WW2 in the Pacific Article #1
When the Japanese invaded China in the spring of 1937, U.S. President Franklin Delano Roosevelt put an embargo on Japanese shipping to America. This really angered the Japanese. Especially Japanese general Isoruko Yamamoto.
He planned one of the worst (and on his side, surprise attacks ever carried out in WW2.
December 7, 1941
Ken Potts woke up to a nice warm day on his battleship, the USS Arizona. Ken worked on the cranes that retrieved the Arizona’s small seaplanes. When the first dive bombers came, he was bringing fresh produce onto the ship. When they started strafing he dove for the ship and helped rescue his shipmates. 335 servicemen survived the sinking. Out of 2403 dead, 1177 were from the Arizona.
The Arizona was not the only ship lost in the Pearl Harbor attack. The USS Cassin (dd 372) and Downes (dd 375) were in dry dock when the attack came. An incendiary bomb ignited fuel tanks on the Downes. The Cassin slipped from her keel and rolled over onto the Downes. Each ship was ravaged by fires and considered lost, but the machinery was salvaged and put on other ships. The USS Nevada, Uss California, Uss West Virginia, and the USS Oglala were all sunk at pearl. The airfields at Pearl Harbor were also heavily damaged at Pearl that day. Hickam Field, Wheeler Field, and Ford island were all targets of the Japanese planes. The attack lasted for 1 hour and 2 minutes. In that time about 2,335 military personnel and 68 civilians were killed and 1,178 were wounded. 1,777 of the dead were from the Arizona. Six ships were sunk and 169 aircraft were destroyed.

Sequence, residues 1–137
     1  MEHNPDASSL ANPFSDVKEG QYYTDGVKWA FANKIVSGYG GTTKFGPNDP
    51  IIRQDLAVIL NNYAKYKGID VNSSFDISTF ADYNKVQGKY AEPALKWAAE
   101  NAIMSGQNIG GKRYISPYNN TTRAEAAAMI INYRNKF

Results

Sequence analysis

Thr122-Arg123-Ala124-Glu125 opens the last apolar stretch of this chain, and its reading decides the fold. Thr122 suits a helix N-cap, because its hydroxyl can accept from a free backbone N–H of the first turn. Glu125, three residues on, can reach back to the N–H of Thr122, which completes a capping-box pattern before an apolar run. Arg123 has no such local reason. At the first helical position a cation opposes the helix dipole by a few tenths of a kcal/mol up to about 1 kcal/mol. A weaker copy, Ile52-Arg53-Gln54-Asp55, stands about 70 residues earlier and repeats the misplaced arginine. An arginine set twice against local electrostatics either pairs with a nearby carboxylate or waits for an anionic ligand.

About the writer:
My name is Beck, and I’m a 5th grader. I am an avid historian. I especially like WWII. My next article will be about the Doolittle Raid and the crew’s adventure in China. Meanwhile, I hope you keep reading about some of the greatest battles of WWII.